By Land and By Sea

Balanced Forces for a Complex Region

U.S. Navy seamen stand by to de-arm weapons systems during air wing recovery operations aboard the aircraft carrier USS Abraham Lincoln, Persian Gulf, May 5, 2008. U.S. Navy / Flickr

Protecting U.S. interests in the Middle East has never been easy, but recent developments have made it only harder. Iran’s buildup of missile forces and its pursuit of a nuclear capability have destabilized the region. The Arab Spring led to the ouster of key allies in Egypt and Yemen and weakened the Bahraini monarchy. And cuts to the defense budget will leave the United States with fewer resources to meet its security commitments.

Under these conditions, how can Washington achieve its objectives? In a recent article for Foreign Affairs (“Land Warriors,” July 2, 2013), Michael O’Hanlon and Bruce Riedel offer a solution: stationing land-based fighter aircraft in several Gulf Cooperation Council (GCC) nations. In theory, this posture would enable Washington to deter Iran, reassure Gulf partners, divest expensive aircraft carriers, and reduce its dependence on the beleaguered monarchy in Bahrain, where the U.S. Navy’s Fifth Fleet is headquartered.  

It is true that the military needs to rethink its posture, given the shifting strategic and economic landscape. But there are three major problems with O’Hanlon and Riedel’s proposal.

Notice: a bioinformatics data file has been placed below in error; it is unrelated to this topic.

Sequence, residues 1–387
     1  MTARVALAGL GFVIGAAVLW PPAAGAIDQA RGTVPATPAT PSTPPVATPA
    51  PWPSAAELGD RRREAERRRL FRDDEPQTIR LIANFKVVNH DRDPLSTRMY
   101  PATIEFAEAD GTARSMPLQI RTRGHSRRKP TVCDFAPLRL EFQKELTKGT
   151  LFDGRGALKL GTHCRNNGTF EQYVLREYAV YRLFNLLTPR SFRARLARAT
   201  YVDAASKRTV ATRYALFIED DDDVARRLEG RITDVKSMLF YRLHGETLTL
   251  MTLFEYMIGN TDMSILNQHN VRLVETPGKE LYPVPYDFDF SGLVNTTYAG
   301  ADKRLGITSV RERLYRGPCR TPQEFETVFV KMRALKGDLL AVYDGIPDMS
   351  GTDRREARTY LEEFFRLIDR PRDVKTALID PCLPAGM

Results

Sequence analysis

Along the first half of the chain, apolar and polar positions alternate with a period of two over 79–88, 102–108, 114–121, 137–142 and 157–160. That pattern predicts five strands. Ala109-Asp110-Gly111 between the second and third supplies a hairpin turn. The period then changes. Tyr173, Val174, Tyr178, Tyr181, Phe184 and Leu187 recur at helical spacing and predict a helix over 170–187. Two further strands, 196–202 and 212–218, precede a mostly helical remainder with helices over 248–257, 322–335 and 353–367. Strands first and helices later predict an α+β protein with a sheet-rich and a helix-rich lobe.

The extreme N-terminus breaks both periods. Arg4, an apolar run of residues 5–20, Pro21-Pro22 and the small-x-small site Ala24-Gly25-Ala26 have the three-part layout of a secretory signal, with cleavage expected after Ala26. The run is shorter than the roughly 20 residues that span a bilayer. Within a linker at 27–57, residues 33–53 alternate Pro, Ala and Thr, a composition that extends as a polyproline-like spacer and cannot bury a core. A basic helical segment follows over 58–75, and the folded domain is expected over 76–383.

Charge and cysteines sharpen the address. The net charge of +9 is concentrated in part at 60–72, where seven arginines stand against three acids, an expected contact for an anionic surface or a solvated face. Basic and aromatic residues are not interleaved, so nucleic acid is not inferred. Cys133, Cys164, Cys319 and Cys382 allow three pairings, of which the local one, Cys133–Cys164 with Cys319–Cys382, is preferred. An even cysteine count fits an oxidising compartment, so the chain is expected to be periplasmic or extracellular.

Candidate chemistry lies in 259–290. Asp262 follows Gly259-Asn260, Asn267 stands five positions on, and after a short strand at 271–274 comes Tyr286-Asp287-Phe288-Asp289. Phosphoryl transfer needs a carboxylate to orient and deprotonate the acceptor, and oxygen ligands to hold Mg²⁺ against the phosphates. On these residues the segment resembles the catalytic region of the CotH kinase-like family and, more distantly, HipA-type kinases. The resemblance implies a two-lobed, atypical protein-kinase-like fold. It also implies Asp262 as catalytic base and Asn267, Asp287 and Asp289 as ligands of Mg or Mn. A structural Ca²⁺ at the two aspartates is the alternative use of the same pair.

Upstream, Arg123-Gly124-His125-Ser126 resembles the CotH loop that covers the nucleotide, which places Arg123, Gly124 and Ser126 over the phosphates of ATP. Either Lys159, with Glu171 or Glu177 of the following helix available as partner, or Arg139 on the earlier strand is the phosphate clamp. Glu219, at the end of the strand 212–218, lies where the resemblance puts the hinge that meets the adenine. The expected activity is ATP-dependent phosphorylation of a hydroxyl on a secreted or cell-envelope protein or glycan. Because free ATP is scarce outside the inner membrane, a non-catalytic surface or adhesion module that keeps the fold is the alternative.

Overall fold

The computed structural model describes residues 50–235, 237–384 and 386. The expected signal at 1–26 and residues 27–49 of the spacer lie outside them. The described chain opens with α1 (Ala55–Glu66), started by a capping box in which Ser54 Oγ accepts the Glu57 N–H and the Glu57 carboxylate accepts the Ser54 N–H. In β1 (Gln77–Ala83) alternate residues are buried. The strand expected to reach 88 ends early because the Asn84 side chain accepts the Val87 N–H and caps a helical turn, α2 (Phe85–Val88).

First, stationing additional fighter aircraft in close proximity to Iran would increase the vulnerability of high-value U.S. forces to missile attacks. Although Iran does not have the capability to strike distant locations with precision, it could surely strike nearby airbases in GCC nations. O’Hanlon and Riedel are correct that hardened bases would mitigate this threat. But countries such as Qatar and the United Arab Emirates (UAE), which already have hardened aircraft shelters, do not allow the United States to use them. Moreover, since the end of the Cold War, the Pentagon has proved unwilling to invest in extremely expensive base resiliency measures, despite the growing missile threat in several parts of the world.

O’Hanlon and Riedel argue that wealthy GCC nations could build new bases or improve existing facilities to support U.S. forces. After all, they have done so in the past. In fact, they might not

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